Also especially important are my personal sponsors: TORQ nutrition, Elete Electrolytes, Maloja, Compressport and Solestar

Friday, 16 May 2014

The day before the National Marathon Champs

Follow this link to read a little bit about what I do the day before a race….

Monday, 12 May 2014

Fifth National Marathon Championship Win

Last year the National Marathon Championships were on dry, dusty trails in hot, sunny Selkirk, Scotland. This year it was the same place, but different conditions! In some ways that was nice because it made it a new experience and more technically challenging. The trails were pretty slick and slippery and the Continental Race Kings were certainly pushed to - and at times beyond - their limit ;) On reflection perhaps the X King would have been a wiser choice! 

Thanks to zupix for the photos

Neutralised start through Selkirk High Street

Do not be deceived! This was the beginning of the race and before the mud!!

Steep, slippery singletrack descents, natural trails, man-made berms, rocks and roots, open moorland - the single loop 75km course has pretty much everything and challenges a range of skills making it a worthy course for the best of the British to battle it out for the National Title.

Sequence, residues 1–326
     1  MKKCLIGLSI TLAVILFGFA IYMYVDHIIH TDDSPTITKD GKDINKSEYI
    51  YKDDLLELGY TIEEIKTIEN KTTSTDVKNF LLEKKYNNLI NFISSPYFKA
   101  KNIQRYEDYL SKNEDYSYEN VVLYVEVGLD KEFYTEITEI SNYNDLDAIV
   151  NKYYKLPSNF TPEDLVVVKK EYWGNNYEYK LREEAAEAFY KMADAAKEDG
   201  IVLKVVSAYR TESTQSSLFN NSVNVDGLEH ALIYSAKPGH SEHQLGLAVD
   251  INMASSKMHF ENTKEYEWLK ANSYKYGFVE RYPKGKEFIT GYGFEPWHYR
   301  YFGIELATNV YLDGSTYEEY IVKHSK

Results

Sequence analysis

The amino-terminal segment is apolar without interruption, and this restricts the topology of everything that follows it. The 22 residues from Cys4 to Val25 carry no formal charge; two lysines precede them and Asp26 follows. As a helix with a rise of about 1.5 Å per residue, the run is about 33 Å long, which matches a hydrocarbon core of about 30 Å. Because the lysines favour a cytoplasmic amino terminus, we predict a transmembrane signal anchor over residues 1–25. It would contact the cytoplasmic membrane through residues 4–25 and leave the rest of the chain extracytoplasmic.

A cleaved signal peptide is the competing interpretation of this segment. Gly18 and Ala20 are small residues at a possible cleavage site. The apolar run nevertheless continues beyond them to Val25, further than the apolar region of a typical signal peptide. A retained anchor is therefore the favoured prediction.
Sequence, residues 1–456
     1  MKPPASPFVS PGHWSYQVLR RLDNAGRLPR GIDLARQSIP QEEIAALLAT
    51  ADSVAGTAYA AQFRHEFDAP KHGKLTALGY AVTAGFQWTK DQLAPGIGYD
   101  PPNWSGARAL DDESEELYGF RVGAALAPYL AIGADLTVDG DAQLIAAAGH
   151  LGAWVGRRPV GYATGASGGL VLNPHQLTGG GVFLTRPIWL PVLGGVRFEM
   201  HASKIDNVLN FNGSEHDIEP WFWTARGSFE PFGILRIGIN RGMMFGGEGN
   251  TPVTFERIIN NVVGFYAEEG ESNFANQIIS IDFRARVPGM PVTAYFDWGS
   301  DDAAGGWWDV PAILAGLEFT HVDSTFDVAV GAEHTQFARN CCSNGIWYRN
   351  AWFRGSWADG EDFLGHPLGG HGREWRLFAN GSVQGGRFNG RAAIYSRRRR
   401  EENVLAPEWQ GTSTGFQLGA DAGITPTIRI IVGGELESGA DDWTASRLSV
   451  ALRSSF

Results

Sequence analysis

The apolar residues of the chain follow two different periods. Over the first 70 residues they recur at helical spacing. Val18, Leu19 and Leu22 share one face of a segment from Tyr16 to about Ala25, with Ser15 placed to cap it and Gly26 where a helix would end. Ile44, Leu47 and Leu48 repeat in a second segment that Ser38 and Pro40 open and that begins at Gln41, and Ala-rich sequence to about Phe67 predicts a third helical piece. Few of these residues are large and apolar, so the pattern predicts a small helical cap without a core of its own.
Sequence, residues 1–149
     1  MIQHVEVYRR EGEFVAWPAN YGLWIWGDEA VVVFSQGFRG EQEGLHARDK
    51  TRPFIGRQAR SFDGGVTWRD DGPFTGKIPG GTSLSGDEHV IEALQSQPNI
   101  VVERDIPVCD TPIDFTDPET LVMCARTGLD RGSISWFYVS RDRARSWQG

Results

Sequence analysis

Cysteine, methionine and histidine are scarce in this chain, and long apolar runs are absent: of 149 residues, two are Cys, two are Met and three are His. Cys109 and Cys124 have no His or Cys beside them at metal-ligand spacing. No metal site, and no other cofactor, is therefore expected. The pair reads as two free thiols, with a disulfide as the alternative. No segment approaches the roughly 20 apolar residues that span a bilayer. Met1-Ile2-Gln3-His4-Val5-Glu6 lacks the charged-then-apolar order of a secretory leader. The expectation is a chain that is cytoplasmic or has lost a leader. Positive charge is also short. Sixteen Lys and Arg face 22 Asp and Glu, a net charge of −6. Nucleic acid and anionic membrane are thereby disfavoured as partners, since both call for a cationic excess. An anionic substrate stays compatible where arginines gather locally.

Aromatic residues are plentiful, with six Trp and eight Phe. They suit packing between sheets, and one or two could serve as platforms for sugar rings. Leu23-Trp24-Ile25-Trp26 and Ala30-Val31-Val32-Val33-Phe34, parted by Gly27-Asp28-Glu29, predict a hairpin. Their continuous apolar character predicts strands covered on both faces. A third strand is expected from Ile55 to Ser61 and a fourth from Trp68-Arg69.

There are a few races rolled in to one, so while the elite race for the titles others can compete on the same course or on a shorter course (25km or 50km). We stayed in a lovely eco house - the Green House -in a village outside of Selkirk. A couple of friends and my nephew raced the 25km course, while Dave and my parents provided feed zone and technical support. My father pulled the short straw and had to cycle to the feed zone at the top of the last climb in the rain, but fortunately he could enjoy the final descent after I'd passed through! It was really nice for us to spend time with our friends and family at a race :) 

The National Championships is an important race, the National stripes identify riders as the best from their nation so I'm really happy to be wearing the jersey once again this year. Winning my fifth title is also pretty cool :) 

Yesterday we left Selkirk and headed north to the Cairngorms. Endless forests, mountains, rivers, lochs and quiet roads - I'm excited to explore this beautiful place over the next few days :) 

Pretty cool place to relax :)